Feb 14 2008
While yoga, dance, and other forms of exercise claim a name to certain types of clothing (ex. yoga pants), pilates students are sometimes left in the dark when it comes to finessing their pilates wardrobe. Allow me to help.
First Timer in the Studio?
The critical ideas are comfort for you, and visibility for me (as the instructor). I always tell my new clients to wear something that is not restrictive of movement, comfortable to wear and move in, and that isn’t too loose or baggy. As you deepen your practice with pilates you will gain insights regarding what you like and don’t like to wear - in many ways it’s trial and error. For more tips… read on.
What Not to Wear - Pilates Style
When doing pilates you want to be able to focus on the exercises and principles, not worrying about your clothing. With that said the most important thing about clothing for pilates is the fit.
Some ladies like to reveal a little cleavage but remember that in pilates you move around! What once began as revealing a little cleavage might result in a free peep show. Tops that are too low cut will end up begging for your attention, as you’ll be more concerned about not revealing yourself than what you paid to do - pilates. So when selecting a top to wear to your pilates session think about how functional the neck line will be for the type of bust you have. Try moving around in the dressing room to make sure that everything stays put.
The front of a shirt is not the only factor for buying - in pilates you spend a good amount of time on your back too. At the same time, the sportswear clothing industry has continued to upgrade, with new lines of higher-end clothing. While some of these clothes may please your palate for haute couture, they may not please your back!
For instance, when I was a pilates student in training I got a very cute, bright green, extremely soft, short sleeved shirt that I thought would be perfect for wearing to pilates. Not only did it seem functional but it had a fabric tie over my back, between my shoulder blades - it was cute and fashionable. But it only took me a few exercises lying on my back to realize that having that lump of fabric pressed into my spine did not feel good! So with thanks to the fashion sportswear industry, you can certainly look snazzy while you work out - just be sure to notice those embellishments which might cause you pain.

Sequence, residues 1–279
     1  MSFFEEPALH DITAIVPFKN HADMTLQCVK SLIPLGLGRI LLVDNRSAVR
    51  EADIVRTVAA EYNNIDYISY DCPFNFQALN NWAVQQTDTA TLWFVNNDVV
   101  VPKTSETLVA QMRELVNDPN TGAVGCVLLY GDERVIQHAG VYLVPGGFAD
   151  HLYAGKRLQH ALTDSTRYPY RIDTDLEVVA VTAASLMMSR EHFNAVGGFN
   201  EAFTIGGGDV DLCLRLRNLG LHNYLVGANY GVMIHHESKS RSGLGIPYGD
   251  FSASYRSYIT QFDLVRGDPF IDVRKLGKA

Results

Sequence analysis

The metal in this top would really hurt if you were to lay on it for a while - not great for pilates.
I generally tell my clients to look for pants or shorts which are comfortable and not too loose. Gaucho pants are popular right now but I try to steer my clients away from them. Though these pants are comfortable and fashionable, they have too much free flowing fabric. This fabric can easily get caught in the springs of the reformer and when doing inverted pilates exercises they reveal too much of the southern hemisphere.
The excess fabric in these gaucho pants will probably get caught in the springs of a pilates reformer machine - not great for pilates.
I also avoid wind breaker material for any of my pants because they are too slippery. This slippery (usually nylon) material sometimes causes the pants to be pulled down your bottom - for instance doing multiple pilates roll ups.
Whether or not to wear shorts to a pilates class/session is really your own call. If you feel comfortable revealing those legs - then let them shine! Just be cautious when choosing your length of shorts that you won’t be enlisting yourself in a tug-of-war game with your shorts. No one wants to see those butt cheeks (regardless of how cute they may be) hanging out of your shorts - so do a movement test in that dressing room before you pull out your credit card.
Undergarments - Function vs. Appearance
Without getting too intimate… undergarments do matter! Have you noticed those cute underpants in the window of Victoria’s Secret that have metal designs near the sacrum (perhaps a heart)? It is best that you reserve the undies with hardware for the times when they can be fully appreciated, and keep them out of the pilates studio. Having a piece of metal over your bones as you roll over is NEVER a good idea - ouch!